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Mr. Trie's Return

Thursday, February 5, 1998; Page A16

THE SURPRISE surrender of Yah Lin "Charlie" Trie to federal authorities on Tuesday should provide a real shot in the arm to the Justice Department's much-criticized campaign finance task force. Mr. Trie was indicted recently on 15 felony counts of conspiracy, fraud, obstruction of justice and other offenses connected with an alleged scheme to funnel foreign money to Democratic causes through straw donors. The task force's initial indictment -- which followed a long period of seeming dormancy -- initially appeared only to be a faltering baby step. Since both Mr. Trie and his codefendant, Yuan Pei "Antonio" Pan, had gone abroad, the charges seemed more a symbolic gesture from prosecutors than a real step forward.

Mr. Trie's return, however, changes the entire context in which the task force's indictment of him should be considered. At the very least, it means that the indictment is no longer empty but has become a live set of charges against one of the players in the campaign finance saga. It could mean much more than that. Justice Department officials have stressed that no plea arrangement has been reached with Mr. Trie and that his cooperation with the task force investigation has not been secured. At the same time, the advantages for both sides of a plea deal of some kind are obvious. Mr. Trie could face, if he is convicted on all counts, many years in prison -- a prospect that could well bring him to the table. He, in turn, presumably has a lot of information the task force will want to hear. This is not to say that Mr. Trie would -- as many assume -- be able necessarily to confirm allegations of a broad Chinese conspiracy to influence the American political system, or that he would be able to prove alleged White House involvement in illegal fund-raising. But a deal could allow the department to begin addressing some of the central questions of the probe -- a prospect that could well bring task force lawyers to the table. Mr. Trie's return, therefore, holds out the first real possibility of a major breakthrough for the Justice Department investigation.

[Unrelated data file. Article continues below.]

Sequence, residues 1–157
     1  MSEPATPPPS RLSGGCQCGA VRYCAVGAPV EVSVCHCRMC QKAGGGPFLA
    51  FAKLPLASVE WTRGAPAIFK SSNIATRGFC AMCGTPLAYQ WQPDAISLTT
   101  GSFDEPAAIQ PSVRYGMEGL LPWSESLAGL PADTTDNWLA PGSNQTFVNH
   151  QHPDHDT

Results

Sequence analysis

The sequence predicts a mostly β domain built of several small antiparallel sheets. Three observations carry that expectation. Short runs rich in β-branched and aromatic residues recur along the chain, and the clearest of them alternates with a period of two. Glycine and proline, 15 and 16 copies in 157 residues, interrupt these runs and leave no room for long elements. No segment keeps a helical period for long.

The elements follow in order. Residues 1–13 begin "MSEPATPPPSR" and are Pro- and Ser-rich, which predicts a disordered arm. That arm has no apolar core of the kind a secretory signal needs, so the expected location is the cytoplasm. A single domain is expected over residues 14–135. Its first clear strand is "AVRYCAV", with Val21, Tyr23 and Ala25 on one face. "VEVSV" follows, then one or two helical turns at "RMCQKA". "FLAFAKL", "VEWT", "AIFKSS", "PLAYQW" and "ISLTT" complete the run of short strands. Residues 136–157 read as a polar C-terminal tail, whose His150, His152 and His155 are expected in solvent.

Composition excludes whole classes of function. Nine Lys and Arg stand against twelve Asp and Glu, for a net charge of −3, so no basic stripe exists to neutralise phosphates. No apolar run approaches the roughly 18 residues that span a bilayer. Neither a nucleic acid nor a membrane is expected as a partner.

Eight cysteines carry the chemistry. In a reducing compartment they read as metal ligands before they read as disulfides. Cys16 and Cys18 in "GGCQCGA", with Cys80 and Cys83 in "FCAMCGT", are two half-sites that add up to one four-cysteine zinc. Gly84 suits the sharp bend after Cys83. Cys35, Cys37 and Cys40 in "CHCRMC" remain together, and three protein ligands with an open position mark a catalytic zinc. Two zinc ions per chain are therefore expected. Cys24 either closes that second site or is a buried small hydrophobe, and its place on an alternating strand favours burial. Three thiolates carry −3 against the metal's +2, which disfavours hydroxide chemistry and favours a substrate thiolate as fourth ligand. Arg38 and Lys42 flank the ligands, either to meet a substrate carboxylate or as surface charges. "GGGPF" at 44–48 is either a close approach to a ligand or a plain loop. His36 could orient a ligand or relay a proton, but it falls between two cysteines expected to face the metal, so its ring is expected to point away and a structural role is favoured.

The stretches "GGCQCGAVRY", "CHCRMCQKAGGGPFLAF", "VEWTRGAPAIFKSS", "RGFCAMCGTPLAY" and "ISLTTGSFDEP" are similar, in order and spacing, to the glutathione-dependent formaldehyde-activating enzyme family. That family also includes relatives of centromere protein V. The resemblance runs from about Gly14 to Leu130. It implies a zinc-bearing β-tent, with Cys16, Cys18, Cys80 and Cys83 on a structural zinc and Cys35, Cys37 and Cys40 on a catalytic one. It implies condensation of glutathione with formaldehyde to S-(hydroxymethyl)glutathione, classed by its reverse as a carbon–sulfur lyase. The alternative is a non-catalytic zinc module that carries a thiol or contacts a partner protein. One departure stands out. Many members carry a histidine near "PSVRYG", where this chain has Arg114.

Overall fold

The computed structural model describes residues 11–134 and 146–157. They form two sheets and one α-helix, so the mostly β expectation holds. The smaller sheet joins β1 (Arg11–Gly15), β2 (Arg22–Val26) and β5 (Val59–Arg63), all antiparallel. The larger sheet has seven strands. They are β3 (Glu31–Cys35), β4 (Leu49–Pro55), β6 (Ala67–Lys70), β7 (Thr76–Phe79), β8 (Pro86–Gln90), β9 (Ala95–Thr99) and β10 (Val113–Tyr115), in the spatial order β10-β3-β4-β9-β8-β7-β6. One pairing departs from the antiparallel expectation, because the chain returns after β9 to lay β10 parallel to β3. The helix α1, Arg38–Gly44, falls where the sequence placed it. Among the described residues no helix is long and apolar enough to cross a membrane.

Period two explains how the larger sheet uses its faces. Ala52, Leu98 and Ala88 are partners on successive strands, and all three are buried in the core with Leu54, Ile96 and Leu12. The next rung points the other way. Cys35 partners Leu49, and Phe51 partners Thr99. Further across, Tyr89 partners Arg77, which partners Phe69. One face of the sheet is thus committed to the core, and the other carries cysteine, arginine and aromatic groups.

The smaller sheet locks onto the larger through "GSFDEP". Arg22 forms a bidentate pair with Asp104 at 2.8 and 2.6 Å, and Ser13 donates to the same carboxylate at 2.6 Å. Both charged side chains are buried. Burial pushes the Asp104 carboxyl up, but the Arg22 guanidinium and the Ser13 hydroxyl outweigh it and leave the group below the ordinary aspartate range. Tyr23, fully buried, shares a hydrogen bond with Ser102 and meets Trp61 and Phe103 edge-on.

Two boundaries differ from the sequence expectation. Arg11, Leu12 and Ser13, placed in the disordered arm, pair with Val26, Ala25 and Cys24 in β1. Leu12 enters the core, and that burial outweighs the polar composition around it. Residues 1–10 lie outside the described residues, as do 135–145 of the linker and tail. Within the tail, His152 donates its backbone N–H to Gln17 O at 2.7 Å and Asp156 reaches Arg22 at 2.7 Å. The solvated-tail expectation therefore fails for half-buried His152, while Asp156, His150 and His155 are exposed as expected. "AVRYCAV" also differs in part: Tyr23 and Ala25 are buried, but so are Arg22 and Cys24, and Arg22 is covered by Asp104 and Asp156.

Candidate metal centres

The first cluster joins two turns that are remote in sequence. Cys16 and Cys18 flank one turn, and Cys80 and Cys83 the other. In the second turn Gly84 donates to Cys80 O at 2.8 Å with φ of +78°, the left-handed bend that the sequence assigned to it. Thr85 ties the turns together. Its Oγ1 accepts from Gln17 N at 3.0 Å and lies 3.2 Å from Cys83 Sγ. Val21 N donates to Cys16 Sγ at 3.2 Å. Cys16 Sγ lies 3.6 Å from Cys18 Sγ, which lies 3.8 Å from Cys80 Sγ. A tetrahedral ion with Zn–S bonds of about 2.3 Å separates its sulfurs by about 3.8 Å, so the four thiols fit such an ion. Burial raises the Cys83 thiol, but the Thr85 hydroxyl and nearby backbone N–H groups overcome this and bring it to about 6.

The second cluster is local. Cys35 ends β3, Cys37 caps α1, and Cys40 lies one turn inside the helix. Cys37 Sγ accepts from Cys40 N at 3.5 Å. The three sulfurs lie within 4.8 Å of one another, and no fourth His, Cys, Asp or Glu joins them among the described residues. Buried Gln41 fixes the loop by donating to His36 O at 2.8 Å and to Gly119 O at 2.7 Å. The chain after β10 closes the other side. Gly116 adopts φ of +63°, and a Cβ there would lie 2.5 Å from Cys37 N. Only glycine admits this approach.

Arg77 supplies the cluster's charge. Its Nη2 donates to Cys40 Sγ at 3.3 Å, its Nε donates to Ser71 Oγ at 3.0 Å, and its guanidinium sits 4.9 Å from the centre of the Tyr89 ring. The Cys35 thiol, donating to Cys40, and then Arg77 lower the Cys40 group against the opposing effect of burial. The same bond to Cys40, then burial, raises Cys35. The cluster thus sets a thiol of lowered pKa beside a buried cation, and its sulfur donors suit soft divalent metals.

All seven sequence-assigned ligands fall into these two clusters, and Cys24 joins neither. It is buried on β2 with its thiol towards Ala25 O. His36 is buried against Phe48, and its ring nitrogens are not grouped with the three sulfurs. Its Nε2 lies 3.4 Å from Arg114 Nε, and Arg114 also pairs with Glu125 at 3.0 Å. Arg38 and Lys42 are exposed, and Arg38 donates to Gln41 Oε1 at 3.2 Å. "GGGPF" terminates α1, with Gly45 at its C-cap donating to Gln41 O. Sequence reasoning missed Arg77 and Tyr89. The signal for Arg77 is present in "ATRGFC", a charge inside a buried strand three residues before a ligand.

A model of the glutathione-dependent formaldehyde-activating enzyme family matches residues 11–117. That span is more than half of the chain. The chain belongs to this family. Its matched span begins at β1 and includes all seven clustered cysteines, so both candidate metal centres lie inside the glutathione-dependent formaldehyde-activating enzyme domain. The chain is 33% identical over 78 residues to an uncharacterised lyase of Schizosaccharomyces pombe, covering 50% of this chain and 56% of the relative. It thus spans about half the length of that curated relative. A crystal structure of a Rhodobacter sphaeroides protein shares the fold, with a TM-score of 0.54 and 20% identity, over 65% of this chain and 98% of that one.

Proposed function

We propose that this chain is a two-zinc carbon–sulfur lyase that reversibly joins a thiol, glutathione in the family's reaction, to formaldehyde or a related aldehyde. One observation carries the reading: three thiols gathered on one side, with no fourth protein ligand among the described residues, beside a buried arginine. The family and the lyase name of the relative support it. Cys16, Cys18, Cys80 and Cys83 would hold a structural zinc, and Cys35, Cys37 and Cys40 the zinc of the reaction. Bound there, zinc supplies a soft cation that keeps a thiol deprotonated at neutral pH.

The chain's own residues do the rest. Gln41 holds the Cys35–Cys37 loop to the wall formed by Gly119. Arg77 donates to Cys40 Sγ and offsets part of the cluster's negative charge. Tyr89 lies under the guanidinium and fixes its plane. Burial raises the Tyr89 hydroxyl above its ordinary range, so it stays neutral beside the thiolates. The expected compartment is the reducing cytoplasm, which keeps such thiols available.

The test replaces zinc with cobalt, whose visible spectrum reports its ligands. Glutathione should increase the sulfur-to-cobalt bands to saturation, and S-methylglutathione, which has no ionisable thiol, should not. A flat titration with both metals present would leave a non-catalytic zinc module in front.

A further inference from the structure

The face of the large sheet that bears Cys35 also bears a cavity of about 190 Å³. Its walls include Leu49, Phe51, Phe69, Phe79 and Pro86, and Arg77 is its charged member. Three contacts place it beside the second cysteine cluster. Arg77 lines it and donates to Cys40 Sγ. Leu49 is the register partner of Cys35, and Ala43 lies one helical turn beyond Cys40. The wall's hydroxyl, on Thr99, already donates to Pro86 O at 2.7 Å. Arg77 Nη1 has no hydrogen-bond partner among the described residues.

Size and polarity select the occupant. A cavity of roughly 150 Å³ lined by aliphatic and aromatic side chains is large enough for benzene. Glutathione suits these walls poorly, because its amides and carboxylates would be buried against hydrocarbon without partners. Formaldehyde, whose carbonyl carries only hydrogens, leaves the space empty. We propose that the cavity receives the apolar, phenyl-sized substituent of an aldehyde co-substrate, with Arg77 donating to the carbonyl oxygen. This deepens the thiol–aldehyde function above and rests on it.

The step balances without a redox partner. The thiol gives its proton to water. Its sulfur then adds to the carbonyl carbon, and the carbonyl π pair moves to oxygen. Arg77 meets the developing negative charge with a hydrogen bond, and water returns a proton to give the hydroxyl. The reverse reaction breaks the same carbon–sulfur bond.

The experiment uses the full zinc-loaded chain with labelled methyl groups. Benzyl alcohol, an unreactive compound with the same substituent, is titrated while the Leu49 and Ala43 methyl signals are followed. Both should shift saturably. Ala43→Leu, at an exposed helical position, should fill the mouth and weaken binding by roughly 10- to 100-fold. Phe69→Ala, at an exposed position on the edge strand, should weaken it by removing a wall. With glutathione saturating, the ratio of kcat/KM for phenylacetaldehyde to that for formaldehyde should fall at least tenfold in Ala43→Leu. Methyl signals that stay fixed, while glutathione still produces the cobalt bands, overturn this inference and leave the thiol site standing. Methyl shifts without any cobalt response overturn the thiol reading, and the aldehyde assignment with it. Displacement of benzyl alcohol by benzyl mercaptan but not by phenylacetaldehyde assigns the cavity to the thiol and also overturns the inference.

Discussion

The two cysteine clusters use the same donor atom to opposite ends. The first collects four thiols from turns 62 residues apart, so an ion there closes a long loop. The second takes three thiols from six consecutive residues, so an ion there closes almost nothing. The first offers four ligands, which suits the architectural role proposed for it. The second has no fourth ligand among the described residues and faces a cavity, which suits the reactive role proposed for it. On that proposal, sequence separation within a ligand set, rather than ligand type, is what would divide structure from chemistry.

It is possible, of course, that Mr. Trie has come back merely to face trial and rebut the charges brought against him -- as his lawyer's initial statement implied. Mr. Trie returned voluntarily, after all, and he remains innocent until proven guilty. Moreover, his return will not eliminate the skepticism many people feel toward the task force, both on the grounds that it is insufficiently independent and on the grounds that it has not been robust enough in its investigation. But even if no deal occurs and Mr. Trie goes to trial, the task force deserves credit for its part in arranging his return. It represents a real step toward a public accounting of the Byzantine financing of the 1996 elections.

© Copyright 1998 The Washington Post Company

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